Film 24: Cimarron

Cimarron (1931) dir. Wesley Ruggles. USA.

Wesley Ruggles apparently gets the full credit for this splendid and heavy production. His direction misses nothing in the elaborate scenes, as well as in the usual film making procedure.

Big production bits start with the land rush into Oklahoma in 1888, then the gospel meeting in a frontier gambling hall where Dix makes his biggest mark, an attempted bank robbery and the court room trial of Dixie Lee, the harlot. Each of these, and others, carries its own individuality. There is something different about them all.

— Variety Staff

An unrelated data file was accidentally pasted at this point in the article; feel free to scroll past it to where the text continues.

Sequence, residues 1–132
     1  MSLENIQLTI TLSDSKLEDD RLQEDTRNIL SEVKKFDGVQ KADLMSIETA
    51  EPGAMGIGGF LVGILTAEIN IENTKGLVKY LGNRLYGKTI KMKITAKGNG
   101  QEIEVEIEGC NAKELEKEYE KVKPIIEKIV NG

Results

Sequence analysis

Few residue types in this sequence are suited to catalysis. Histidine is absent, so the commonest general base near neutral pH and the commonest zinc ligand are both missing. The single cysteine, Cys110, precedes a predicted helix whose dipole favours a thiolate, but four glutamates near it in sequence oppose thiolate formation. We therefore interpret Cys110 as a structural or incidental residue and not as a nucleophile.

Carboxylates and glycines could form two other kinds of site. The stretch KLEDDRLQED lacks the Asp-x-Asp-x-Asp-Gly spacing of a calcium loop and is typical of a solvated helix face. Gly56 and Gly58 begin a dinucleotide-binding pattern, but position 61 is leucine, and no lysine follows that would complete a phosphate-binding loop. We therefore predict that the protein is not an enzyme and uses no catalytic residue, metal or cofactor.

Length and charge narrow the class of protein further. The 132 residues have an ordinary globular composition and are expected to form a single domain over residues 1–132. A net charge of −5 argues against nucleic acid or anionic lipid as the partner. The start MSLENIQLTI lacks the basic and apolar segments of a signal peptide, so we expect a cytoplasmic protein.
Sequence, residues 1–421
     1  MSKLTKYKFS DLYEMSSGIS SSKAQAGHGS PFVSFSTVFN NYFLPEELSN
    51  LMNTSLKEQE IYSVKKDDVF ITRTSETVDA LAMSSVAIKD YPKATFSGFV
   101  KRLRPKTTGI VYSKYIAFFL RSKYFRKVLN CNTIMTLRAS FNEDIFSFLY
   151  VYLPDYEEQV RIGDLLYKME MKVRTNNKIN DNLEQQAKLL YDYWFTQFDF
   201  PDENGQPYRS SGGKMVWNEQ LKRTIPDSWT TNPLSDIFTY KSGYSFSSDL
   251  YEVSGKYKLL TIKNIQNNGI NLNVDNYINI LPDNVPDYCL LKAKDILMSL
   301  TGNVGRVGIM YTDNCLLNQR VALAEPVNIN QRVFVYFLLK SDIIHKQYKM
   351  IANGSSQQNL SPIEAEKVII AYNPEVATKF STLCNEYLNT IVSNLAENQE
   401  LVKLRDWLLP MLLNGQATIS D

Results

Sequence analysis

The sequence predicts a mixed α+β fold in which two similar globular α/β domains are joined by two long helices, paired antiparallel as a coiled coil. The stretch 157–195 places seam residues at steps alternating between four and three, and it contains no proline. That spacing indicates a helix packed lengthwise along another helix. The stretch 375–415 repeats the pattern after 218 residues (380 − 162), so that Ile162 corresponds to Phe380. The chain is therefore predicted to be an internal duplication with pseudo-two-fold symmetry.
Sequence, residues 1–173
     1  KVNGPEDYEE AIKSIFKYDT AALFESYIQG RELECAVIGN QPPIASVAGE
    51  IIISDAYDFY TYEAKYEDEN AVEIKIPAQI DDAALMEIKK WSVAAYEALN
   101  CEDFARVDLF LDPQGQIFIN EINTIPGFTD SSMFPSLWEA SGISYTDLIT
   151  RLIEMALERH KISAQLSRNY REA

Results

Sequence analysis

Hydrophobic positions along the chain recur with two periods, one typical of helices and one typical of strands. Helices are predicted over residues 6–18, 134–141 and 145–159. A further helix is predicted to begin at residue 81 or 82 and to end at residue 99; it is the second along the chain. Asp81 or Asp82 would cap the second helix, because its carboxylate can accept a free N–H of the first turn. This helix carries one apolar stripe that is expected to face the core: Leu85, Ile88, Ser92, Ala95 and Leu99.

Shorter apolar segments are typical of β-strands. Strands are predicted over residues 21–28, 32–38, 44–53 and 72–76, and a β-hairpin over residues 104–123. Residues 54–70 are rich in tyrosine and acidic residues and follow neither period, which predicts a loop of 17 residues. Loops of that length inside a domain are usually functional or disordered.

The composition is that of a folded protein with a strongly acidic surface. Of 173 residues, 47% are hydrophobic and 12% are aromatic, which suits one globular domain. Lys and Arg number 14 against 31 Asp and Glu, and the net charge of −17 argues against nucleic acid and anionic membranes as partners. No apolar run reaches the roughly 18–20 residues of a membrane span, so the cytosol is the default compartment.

Abigail:  I understand the significance of this movie, but really did not enjoy watching it.  At all.  It was slow, and dated, and bloated.  The politics are terribly outdated, and the acting even more so.  Though this is the template for the Westerns, it lacked the flare and excitement that define the genre for me.  It also lacked the plucky women, which was a shame.  The film spans decades, and generations to little effect.  Not a film I would suggest to anyone.

Forrest:  This movie was…fine.  It wasn’t good.  But it wasn’t a disaster, and it was interesting to see the first Western on our docket.  The story spans something like 40 years — which is intriguing in theory, but dreadfully dull in execution.  The trouble was that so much energy was spent on establishing the sweet of history that the characters fell by the wayside; and without compelling characters, there just wasn’t any reason to care.  Props for its expansive visuals, though — especially the opening shot of the great land rush.

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